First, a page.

It may go without saying that the king of all freshwater fishes reigns supreme here, too. “Small arapaima,” between 40 and 100 pounds, are common, aggressive and hard fighting. But the “average” fish may well be over the century mark, and anglers will see specimens reaching past 200, 300, and possibly even 400 pounds. Unofficial records have been caught here—unverified because guides refuse to kill or even excessively manhandle the sacred arapaima.
But don’t be fooled into thinking this is a catch-and-release only operation: the guides love nothing more than to harvest a couple of the delectable and highly populous peacock bass to spatchcock and roast over a low fire and share for lunch. The brawny and ornate catfishes that teem in the main river are also frequently on the menu for dinner, including the redtail/pirarara, tiger/surubi, leopard/perruno, topwater/dawala, and possibly even the mythical and monstrous jau catfish.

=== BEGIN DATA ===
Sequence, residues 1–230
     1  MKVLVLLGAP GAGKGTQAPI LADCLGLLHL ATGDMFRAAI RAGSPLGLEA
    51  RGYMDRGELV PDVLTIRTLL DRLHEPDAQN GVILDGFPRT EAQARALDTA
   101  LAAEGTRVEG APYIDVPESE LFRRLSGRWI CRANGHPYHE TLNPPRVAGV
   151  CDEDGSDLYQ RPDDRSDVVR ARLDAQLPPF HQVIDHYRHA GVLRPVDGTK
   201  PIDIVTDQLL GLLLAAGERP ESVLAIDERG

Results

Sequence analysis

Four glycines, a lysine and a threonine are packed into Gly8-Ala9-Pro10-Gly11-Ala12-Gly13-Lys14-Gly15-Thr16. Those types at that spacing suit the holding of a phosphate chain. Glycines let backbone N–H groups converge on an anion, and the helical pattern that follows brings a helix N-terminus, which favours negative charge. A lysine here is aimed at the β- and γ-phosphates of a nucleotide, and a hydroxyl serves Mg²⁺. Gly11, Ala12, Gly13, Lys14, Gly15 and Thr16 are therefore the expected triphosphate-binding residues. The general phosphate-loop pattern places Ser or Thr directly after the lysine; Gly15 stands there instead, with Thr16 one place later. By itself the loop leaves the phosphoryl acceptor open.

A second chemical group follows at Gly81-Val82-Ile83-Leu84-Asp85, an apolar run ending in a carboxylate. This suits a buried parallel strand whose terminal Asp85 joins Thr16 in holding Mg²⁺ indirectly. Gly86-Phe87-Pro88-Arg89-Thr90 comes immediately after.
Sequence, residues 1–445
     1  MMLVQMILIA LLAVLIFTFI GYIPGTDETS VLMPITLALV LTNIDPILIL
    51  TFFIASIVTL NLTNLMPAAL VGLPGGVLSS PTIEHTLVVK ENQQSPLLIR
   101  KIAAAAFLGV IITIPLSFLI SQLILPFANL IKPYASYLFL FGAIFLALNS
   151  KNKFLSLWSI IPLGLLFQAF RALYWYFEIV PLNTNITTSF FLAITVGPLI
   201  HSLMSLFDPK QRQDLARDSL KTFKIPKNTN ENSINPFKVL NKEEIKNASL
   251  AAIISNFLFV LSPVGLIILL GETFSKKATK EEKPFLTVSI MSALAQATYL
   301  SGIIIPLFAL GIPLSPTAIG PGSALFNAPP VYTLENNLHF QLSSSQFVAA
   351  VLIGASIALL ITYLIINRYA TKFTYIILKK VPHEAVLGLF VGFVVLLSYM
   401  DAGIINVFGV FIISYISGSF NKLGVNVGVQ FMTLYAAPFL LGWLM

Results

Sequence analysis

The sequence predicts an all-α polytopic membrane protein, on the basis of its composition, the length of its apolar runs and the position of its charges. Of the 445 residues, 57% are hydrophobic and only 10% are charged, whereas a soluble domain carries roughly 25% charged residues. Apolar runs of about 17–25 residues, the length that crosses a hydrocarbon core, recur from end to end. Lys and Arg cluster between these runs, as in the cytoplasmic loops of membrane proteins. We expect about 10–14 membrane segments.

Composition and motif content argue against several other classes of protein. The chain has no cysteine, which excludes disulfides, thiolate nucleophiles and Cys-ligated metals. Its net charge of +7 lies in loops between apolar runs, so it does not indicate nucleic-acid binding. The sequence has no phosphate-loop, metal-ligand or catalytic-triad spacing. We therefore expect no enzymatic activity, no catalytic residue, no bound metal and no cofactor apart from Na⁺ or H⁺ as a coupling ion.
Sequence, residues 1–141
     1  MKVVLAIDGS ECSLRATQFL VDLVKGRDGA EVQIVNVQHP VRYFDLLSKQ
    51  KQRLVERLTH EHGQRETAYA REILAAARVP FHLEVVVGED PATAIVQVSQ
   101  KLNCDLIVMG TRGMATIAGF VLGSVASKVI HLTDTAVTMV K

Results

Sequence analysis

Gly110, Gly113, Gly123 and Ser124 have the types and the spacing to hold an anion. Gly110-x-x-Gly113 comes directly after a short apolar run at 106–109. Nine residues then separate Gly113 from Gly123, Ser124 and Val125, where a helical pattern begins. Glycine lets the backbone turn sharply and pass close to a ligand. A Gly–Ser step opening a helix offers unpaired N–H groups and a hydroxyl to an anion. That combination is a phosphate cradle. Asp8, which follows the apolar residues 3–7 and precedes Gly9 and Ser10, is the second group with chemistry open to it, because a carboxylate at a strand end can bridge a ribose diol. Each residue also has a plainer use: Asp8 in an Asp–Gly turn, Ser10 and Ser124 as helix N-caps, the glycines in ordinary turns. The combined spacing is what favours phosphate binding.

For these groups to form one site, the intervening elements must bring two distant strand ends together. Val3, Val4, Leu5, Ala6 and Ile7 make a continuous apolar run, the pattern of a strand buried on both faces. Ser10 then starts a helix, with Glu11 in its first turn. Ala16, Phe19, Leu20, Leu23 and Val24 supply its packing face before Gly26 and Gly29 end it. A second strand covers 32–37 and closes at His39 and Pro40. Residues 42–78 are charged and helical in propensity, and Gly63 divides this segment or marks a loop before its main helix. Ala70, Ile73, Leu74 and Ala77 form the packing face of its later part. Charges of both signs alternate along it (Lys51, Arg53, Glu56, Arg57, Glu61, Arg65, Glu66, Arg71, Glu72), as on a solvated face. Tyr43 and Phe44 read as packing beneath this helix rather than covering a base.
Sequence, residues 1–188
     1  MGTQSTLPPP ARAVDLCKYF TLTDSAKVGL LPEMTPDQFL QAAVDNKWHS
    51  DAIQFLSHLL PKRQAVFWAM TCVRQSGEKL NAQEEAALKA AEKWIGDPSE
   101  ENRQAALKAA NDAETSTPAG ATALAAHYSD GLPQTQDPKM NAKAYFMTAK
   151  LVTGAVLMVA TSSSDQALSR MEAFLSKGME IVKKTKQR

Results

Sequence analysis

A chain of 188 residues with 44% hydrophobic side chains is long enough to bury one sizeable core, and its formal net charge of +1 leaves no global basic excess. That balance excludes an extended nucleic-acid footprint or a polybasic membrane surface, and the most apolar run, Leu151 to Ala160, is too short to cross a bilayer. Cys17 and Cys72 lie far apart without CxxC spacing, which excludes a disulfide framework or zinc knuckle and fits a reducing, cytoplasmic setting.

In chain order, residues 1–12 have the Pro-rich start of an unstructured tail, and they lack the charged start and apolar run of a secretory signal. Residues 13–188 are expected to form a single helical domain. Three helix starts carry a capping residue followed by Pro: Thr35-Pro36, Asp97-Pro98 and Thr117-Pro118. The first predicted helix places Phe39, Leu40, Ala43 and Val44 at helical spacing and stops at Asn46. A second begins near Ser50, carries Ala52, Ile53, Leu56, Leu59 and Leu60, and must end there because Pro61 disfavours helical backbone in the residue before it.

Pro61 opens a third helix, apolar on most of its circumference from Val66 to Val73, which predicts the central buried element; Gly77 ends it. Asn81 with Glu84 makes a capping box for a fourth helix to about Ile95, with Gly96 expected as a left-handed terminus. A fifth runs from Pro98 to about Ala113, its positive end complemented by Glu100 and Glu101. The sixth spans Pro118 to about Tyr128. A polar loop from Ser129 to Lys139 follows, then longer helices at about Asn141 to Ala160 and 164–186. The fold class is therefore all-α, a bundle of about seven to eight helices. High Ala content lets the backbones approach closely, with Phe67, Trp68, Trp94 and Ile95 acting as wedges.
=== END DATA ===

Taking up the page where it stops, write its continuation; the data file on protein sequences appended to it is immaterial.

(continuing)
The jungle fly fishing holy grail for those in the know, however, might be the pacu. Somewhat resembling and behaving like permit, these black-to-bright-orange herbivores provide one of the fishing world’s great challenges in their grassy glides around cascades and rapids, such as Corona Falls. The saber-fanged payara are a good deal more aggressive and grow beyond 20 pounds here, showing off stunning jumps and a fearsome countenance. Arowana and butterfly peacock bass are similarly acrobatic and even more common. Other interesting species like swordfish (not that kind), cuti, and large black piranha keep anglers entertained and on their guard. There’s hardly an inch of water here that doesn’t have some dozens of fascinating fish lurking nearby.